Intermolecular Donor-Acceptor Interactions of B(OH)2 Group in Phenylboronic Acids – Important or Not?
|Paulina K. Rogowska 1, Michal K. Cyranski 1, Andrzej Sporzyński 2|
1. Uniwersytet Warszawski, Wydział Chemii, Warszawa, Poland
The arylboronic acids are widely used in organic chemistry for Suzuki coupling reactions but have also many applications in biochemistry and in medicinal chemistry. Similarly as in benzoic acids, the most basic structural motive found in the crystals of phenyl boronic acids are dimers. Since the boronic group (B(OH)2) may be a donor of two hydrogens to hydrogen bonds, usually more complex structures are formed, which offers expanded possibilities in crystal engineering. The formation of complex structures is facilitated by appreciable high rotational flexibility of the group. So far, successful attempts have been made to form heterodimers with aminoacids , with other systems containing carboxylate groups  and the complexes with pyridine derivatives . Since boron is an electron deficient atom, apart from hydrogen bonds formed by hydroxyl groups, the donor-acceptor interactions should also influence the chemical behavior of the group and are expected to be a potentially important building factor determining the architecture of a crystal. In fact, this kind of interactions has been found in the ortho substituted systems having a nitrogen atom in the beta position N→B . A problem arises whether the donor-acceptor interactions are also decisive in intermolecular interactions. To answer this question, we have traced the crystal structures of phenylboronic acid and its para substitued derivatives, where the substituent significantly differs by van der waals radius and electronegativity: -F, -Cl, -Br and -I. Our attempts to determine the crystal structure of p-flurophenylboronic acid failed since the system transformed to tris(4-fluorophenyl)boroxin. The molecular structures of chloro- and bromo- derivatives are similar to the structure of the parent molecule. The dimers are linked through a hydrogen-bonded network to adjacent pairs which lie almost perpendicular to each other, forming infinitely extended chains, as shown in the figure below. An important stabilising factor are the Cl…Cl and Br…Br interactions which are 3.528 Å and 3.562 Å, respectively. In contrast, the iodo- derivative (which cocrystalises with water molecule) reveals short contact between the iodo substituent and boron atoms and the molecules are perpendicular each other (as shown in the figure). The B…I distance is 3.670 Å and 3.744 Å.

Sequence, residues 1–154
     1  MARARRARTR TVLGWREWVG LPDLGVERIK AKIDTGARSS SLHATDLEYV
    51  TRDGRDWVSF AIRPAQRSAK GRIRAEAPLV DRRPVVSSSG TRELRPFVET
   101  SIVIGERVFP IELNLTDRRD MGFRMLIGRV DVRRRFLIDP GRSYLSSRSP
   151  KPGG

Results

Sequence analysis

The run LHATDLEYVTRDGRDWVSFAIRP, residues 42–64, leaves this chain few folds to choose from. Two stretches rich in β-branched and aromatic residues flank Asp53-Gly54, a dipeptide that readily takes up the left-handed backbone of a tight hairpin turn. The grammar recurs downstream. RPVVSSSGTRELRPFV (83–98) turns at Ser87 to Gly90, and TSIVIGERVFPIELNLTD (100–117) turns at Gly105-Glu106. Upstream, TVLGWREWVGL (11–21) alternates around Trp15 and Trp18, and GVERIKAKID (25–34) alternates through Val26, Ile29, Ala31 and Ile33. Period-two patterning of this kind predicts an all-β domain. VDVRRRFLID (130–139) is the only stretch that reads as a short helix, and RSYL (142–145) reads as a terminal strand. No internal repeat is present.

A similar arrangement of molecules can be observed in the structure of p-bromophenylboronic acid cocrystalising with ethanol . Taking into account the difference in van der waals radius between I and Br the distance of 3.645 Å and 3.682 Å B…Br appeals, however, for much less efficient donor-acceptor interaction. The analysis based on crystal structures from Cambridge Structural Database leads to the conclusion that in contrast to donor-acceptor intramolecular interactions, the intermolecular ones generally lose the competition with hydrogen bonds formed by hydroxyl groups.
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Presentation: poster at 18th Conference on Physical Organic Chemistry, Posters, by Paulina K. Rogowska
See On-line Journal of 18th Conference on Physical Organic Chemistry
Submitted: 2006-07-07 21:06 Revised: 2006-08-04 20:20
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